Upon the break-up of the Socialist Federal Republic of Yugoslavia in the 1990s, the Republic of Serbia gave refuge to nearly 618 000 refugees from Bosnia and Herzegovina and Croatia. It was one of the largest exoduses after World War Two. There are approximately 28 000 refugees living in Serbia today, with the decrease in the number resulting from their integration in the Republic of Serbia. The majority of refugees opted to stay and permanently settle in Serbia after acquiring citizenship, whereas a number of them returned and the rest decided to move to other countries.
For all these years, the Republic of Serbia has been providing housing for the most vulnerable refugee families in a concerted manner, financed from budget and donor funds. However, the funds available were disproportionate to the needs. Serbia played an important role in promoting a regional initiative that resulted in the establishment of the Regional Housing Programme (RHP). As of June 2018, RHP has already provided housing to 2 000 most vulnerable refugee families in Serbia.
CATEGORY I (2%) includes all 1991-1995 refugees, regardless of their status, who are residents of collective centres or other forms of collective accommodation, either formal or informal ones.
CATEGORY II (98%) includes all 1991-1995 vulnerable refugees, accommodated privately and all former occupancy right holders without a durable solution in their country of origin or reception country.
Dragan was born in 1972 in the municipality of Sanski Most, Bosnia and Herzegovina and lived with his parents and siblings in the village of Tomina, where they had a big house with land and cattle. His father was working for the national railway and his mother was working on the farm and taking care of the three children and the cattle. In October 1995, the family had to leave the village. They took with them some clothes and photographs, and, together with their neighbours, left their burning houses on tractors. Dragan was on the front line at the time, and when he returned home, he found an empty village and burned houses, without any idea where his family was, or if they were still alive. His parents were temporarily accommodated in a collective centre near Banja Luka, Bosnia and Herzegovina, where Dragan found them and they continued together towards Serbia. A relative of one of their neighbours in Tomina signed a guarantee letter for 27 people from the village and brought them all to his house in Mali Bac, Serbia, where they stayed together for several months, until each of the families managed to find some accommodation and work. The Kuzmanovic family stayed in Mali Bac in rented houses for 3 years, Dragan taking any job he could find, mostly in nearby farms or on construction sites. He met his wife and, when they got married, they moved to her parents’ house in Selenca in 1999. Dragan works on the field with a tractor, but also helps his neighbours with carpentry and construction works. Karolina works in a local restaurant. Karolina heard about the Regional Housing Programme and the possibility to get a village house from the Commissariat for Refugees and Migration’s trustee in Bac, and decided to apply. They collected all the required documentation and submitted the application. In March 2018, the family moved into the 200m2 house, with a large agricultural plot and several additional buildings for the cattle and chicken. Dragan and Karolina have two sons – 19-year-old Daniel and 16-year-old Darko – both very good students, helping their parents in everyday work on the field and with the animals. “Finally, after so many years, we have our own house - I can call it a home now. And this was all thanks to my wife’s persistence”, says Dragan.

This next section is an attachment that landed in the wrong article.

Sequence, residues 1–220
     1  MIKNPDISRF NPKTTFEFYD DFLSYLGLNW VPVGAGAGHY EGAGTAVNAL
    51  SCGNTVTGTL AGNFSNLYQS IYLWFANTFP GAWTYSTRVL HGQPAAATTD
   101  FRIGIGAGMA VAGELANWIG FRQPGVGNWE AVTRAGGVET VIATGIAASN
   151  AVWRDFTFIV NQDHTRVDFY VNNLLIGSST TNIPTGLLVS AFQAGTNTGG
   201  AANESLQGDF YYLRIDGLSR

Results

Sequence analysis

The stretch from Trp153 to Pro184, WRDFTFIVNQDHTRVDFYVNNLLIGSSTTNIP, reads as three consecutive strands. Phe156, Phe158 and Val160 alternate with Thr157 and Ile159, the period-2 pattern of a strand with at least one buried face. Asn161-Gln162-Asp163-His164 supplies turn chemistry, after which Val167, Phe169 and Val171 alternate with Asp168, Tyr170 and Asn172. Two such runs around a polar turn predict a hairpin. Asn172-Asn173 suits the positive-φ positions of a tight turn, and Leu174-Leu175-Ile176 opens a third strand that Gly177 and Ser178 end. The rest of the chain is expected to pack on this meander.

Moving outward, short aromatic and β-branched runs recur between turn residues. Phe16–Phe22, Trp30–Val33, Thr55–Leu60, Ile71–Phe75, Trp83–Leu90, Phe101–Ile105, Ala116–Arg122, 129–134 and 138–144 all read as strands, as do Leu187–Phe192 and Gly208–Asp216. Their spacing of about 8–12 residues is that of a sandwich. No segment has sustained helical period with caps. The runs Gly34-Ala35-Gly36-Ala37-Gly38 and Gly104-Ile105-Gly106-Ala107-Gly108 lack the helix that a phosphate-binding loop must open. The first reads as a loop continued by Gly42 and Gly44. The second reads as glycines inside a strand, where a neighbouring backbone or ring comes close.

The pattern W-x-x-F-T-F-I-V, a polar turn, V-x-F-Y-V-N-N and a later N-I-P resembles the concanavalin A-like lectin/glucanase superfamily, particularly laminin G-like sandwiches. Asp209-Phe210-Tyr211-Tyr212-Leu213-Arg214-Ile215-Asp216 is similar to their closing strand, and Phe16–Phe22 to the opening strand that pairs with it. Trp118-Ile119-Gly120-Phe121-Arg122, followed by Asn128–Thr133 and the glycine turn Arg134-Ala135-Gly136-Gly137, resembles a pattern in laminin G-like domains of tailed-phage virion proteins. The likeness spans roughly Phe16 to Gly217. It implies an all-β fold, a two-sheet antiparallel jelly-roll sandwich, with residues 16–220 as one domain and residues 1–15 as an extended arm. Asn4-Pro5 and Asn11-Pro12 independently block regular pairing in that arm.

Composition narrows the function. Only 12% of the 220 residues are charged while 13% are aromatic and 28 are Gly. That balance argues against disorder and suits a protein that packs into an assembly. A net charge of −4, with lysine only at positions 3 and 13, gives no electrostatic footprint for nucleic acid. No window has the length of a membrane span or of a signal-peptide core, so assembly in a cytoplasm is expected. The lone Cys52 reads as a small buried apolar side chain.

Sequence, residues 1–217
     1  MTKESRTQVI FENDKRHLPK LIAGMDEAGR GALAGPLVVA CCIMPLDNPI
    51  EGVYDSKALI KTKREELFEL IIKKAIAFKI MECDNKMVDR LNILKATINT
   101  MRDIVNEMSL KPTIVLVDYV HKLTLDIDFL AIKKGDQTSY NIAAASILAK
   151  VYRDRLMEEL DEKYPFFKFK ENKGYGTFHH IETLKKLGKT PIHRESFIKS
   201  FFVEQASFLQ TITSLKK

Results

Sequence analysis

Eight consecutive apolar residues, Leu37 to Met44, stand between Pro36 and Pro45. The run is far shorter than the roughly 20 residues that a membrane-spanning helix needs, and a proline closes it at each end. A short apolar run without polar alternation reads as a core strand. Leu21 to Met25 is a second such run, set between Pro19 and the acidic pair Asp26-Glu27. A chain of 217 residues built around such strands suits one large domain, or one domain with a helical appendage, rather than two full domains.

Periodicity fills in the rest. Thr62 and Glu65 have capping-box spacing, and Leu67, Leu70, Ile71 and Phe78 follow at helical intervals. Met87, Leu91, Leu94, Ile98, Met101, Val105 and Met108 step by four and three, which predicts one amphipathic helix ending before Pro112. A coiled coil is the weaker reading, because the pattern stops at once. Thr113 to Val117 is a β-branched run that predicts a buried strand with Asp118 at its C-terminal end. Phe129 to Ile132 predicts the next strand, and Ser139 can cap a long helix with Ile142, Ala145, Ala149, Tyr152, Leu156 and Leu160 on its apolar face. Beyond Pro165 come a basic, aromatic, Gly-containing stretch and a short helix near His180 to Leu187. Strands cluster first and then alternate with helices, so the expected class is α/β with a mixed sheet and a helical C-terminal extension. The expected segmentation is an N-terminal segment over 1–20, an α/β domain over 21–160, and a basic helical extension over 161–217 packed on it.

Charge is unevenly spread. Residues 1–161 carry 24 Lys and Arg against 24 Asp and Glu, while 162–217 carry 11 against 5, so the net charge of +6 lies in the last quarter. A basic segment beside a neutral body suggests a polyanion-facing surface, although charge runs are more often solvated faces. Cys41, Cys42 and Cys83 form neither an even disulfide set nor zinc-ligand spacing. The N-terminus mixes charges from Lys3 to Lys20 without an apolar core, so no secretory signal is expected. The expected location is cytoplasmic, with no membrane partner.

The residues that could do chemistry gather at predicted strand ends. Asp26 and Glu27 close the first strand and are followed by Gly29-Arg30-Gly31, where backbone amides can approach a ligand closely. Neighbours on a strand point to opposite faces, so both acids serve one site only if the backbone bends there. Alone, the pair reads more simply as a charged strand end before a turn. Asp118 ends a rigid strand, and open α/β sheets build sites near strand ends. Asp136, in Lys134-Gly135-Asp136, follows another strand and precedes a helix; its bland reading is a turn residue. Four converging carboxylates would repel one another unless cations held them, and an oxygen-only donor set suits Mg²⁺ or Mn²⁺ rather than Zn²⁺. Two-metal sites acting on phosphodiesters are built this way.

SUB-PROJECTS IN SERBIA
Provision of 64 prefabricated houses and 129 building material packages for 193 households
Support to 870 refugee families through four different housing modalities
Support to 715 refugee families through four different housing modalities
Support to 1 233 refugee families through four different housing modalities
Support to 1 712 refugee families through three different housing modalities
Provision of minimum 490 housing solutions for beneficiaries selected under sub-projects SRB2, SRB4, SRB5
Provision of 938 housing solutions (new construction, pre-fabs, building material, village houses)
Provision of 900 housing solutions (new construction and purchase of apartments, pre-fabs, building material, village houses)Serbia Factsheet - June 2018
SERBIAN COMMISSARIAT FOR
REFUGEES AND MIGRATION (KIRS)
With regard to the RHP, KIRS is responsible for preparation of project proposals and their submission to CEB, selection of beneficiaries and subsequent signature of contracts with selected beneficiaries, conclusion of agreements with municipalities in projects where municipalities hold significant responsibilities (provision of land, infrastructure, permits etc.), and submission of procurement plans and monitoring reports to CEB.
PROJECT IMPLEMENTATION UNIT
PUBLIC SECTOR PROJECTS
IMPLEMENTATION UNIT LTD. BELGRADE
PIU provides assistance to KIRS and carries out activities such as establishing procurement and contract monitoring system, concluding agreements with municipalities, developing procurement plans, developing tender dossiers and conducting procurement, carrying out architectural and technical activities and providing technical consulting, as well as developing and managing grant schemes. It is also in charge of financial aspects and payments to contractors, etc.
Commissariat for Refugees and Migration
of the Republic of Serbia